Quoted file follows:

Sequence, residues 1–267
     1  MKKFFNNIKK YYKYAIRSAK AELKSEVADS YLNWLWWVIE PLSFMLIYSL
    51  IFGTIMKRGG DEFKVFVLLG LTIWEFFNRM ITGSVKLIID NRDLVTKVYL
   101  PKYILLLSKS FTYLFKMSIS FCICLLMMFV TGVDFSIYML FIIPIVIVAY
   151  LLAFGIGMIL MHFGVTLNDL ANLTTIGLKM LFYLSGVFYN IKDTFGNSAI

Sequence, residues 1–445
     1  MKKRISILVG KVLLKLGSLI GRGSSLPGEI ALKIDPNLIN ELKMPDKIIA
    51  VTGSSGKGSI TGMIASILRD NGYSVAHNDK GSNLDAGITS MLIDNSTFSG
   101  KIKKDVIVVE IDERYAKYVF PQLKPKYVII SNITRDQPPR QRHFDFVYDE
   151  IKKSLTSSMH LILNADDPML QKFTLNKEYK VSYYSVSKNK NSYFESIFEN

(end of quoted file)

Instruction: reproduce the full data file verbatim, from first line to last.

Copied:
Sequence, residues 1–267
     1  MKKFFNNIKK YYKYAIRSAK AELKSEVADS YLNWLWWVIE PLSFMLIYSL
    51  IFGTIMKRGG DEFKVFVLLG LTIWEFFNRM ITGSVKLIID NRDLVTKVYL
   101  PKYILLLSKS FTYLFKMSIS FCICLLMMFV TGVDFSIYML FIIPIVIVAY
   151  LLAFGIGMIL MHFGVTLNDL ANLTTIGLKM LFYLSGVFYN IKDTFGNSAI

Sequence, residues 1–445
     1  MKKRISILVG KVLLKLGSLI GRGSSLPGEI ALKIDPNLIN ELKMPDKIIA
    51  VTGSSGKGSI TGMIASILRD NGYSVAHNDK GSNLDAGITS MLIDNSTFSG
   101  KIKKDVIVVE IDERYAKYVF PQLKPKYVII SNITRDQPPR QRHFDFVYDE
   151  IKKSLTSSMH LILNADDPML QKFTLNKEYK VSYYSVSKNK NSYFESIFEN